Stocks Plummet as Inflation Hits a 40-year Record 8.6%
Hopes that inflation had peaked were short lived. Friday’s Consumer Price Index report came in hotter than expected at 8.6% annually. Inflation is now at a new 40-year high. It is sparking fears of drastic new rate hikes. As a result, stock markets are falling all over the world. The Dow sank over 800 points. The S&P 500 is now more than 20% below its all-time high set in January. That officially puts it into bear market territory.1
Inflation is the central economic issue. The pandemic and Ukraine war have all but disappeared from economic discussions. The fear is that inflation has become entrenched in the economy. It has moved beyond drivers such as supply chains snarls and energy shocks.
Federal Reserve officials will meet on Tuesday and Wednesday to discuss their next monetary policy move. The Federal Open Market Committee is widely expected to announce at least a 50-basis-point hike. They have already raised rates twice this year. The Fed had signaled they would do 50-basis-points in June and July. But with inflation hitting 8.6%, two banks, Barclays and Jefferies, are now forecasting a raise of 75-basis-points. Analysts think that if they do 75, that’s a sign that the Fed is panicking.2
The shocking new inflation number has caused some to suggest a full-percentage point hike is now possible.
“The Fed’s trying to erase any perception that they’re behind the curve,” said Steven Englander, global head of G-10 FX research at Standard Chartered Bank. “Fifty was the big round number six months ago. Meanwhile, 75 is a very middling type of hike. So the Fed might say: ‘Look, if we want to show commitment, let’s just do 100.’” Once the extreme, 50 basis points has now become the expectation. “The Fed has been remarkably successful in having 50 the baseline,” Englander said. “Fifty was the neutron bomb even six months ago.”3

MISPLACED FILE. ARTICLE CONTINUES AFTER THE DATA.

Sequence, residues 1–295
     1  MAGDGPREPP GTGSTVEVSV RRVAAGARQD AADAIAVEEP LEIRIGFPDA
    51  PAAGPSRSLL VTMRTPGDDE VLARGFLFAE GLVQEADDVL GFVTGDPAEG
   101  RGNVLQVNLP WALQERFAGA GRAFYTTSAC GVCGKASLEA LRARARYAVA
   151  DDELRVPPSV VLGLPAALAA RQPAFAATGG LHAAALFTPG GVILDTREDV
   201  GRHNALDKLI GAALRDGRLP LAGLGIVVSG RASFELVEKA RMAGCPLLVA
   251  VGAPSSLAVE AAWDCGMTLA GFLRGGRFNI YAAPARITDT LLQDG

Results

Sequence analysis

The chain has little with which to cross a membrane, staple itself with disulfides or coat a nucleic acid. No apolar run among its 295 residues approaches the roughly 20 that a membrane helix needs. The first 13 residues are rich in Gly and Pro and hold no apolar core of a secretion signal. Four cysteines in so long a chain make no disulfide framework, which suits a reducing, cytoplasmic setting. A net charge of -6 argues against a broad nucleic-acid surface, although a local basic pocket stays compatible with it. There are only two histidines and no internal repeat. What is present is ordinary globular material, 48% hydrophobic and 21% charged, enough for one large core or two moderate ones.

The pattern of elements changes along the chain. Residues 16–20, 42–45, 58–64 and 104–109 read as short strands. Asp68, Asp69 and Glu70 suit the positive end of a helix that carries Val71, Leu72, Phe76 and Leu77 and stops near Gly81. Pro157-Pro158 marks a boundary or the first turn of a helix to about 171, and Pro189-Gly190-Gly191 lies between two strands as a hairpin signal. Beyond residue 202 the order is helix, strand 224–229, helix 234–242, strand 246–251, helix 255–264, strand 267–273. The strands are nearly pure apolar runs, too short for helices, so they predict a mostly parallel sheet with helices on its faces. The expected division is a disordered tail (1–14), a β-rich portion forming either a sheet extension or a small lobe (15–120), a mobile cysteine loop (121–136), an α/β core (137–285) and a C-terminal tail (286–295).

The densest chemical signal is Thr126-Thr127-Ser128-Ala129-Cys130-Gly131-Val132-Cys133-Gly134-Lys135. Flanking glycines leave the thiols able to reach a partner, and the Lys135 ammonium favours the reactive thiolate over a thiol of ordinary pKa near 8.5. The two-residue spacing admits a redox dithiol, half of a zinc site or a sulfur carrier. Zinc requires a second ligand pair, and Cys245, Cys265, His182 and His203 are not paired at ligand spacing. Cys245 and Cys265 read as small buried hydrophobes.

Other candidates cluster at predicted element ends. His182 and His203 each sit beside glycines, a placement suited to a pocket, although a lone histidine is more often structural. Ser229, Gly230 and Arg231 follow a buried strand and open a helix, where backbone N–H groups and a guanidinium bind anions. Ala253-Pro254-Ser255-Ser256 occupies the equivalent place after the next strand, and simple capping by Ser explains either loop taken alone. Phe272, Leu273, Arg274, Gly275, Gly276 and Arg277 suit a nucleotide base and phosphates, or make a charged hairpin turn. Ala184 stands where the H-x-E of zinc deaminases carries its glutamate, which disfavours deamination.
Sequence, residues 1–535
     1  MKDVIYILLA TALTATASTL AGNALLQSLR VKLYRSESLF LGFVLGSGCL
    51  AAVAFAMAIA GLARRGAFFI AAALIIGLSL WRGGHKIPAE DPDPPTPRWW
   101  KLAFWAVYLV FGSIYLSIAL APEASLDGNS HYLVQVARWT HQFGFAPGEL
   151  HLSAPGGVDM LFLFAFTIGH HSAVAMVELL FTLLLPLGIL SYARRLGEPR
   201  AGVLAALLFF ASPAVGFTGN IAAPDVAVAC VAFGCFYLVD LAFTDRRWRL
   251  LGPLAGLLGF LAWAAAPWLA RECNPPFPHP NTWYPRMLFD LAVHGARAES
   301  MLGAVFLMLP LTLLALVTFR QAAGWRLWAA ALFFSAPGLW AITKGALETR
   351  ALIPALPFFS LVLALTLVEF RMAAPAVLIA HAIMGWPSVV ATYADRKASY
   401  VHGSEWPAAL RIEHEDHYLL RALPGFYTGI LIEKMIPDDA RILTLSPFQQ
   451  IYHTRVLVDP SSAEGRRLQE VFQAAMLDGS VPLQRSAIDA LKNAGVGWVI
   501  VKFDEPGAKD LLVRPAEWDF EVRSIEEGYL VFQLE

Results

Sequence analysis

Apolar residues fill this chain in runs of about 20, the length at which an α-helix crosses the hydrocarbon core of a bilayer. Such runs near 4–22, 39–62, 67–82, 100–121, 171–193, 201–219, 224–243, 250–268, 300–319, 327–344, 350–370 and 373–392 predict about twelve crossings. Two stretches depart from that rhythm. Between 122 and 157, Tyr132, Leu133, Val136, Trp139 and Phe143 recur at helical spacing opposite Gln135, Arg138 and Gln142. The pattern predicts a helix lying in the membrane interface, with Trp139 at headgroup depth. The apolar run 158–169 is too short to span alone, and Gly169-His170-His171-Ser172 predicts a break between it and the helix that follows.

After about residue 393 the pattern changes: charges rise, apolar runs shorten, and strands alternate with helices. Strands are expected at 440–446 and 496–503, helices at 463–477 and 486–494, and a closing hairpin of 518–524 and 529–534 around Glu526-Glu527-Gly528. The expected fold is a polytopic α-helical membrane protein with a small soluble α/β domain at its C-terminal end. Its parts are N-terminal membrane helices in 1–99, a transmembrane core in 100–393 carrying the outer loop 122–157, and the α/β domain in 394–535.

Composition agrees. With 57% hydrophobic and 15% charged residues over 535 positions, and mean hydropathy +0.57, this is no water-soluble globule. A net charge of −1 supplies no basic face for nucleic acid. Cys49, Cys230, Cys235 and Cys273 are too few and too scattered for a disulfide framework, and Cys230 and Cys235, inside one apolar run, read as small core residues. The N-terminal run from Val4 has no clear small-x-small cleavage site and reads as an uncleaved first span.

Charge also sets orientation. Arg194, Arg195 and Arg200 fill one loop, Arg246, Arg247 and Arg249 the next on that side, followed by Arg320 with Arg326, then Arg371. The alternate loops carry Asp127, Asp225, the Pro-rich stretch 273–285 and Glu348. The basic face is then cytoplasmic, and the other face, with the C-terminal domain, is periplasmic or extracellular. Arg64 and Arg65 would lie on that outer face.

Inflation Leading to Recession
Meanwhile, the U.S. 2-year Treasury yield hit its highest level since 2007 on Monday morning. It outstripped the 10-year rate for the first time since April. An inversion like this is often seen as a sign of an impending recession. The bond yield curve inverted on fears that more aggressive rate hikes will stagnate the economy. Record low consumer confidence was also reported on Friday. The outlook for growth looks abysmal based on this data. Instead, a recession seems likely. Morgan Stanley CEO James Gorman said, “It’s possible we go into recession, obviously, probably 50-50 odds now.” That’s up from his earlier 30% recession-risk estimate.4
Top economist Mohamed El-Erian predicts a period of stagflation. For companies, the toxic economic situation means falling profits and earnings ahead. The former CEO of Pimco, El-Erian warns investors to be cautious. “If I were fully invested right now, I would take some chips off the table,” he said. Gorman added on, “You know that it’s going to be bumpy; people’s 401(k) plans are going to be down this year.”5
Some investors are moving their money into dollars. They are choosing the currency over the non-interest-yielding gold. The dollar may benefit from rapidly rising interest rates. However, it is still subject to market whims. Fahad Kamal, chief investment officer at Kleinwort Hambros said, “Clearly commodities are one area which is reasonably good at protecting you from inflation over the long run.” In this market, buying opportunities will be opening up for gold. This will give investors better access to safe haven assets that can preserve value. Precious metals are a long-term store of wealth that can endure the impending downturn. To learn more about what a Gold IRA can do for you, contact American Hartford Gold today.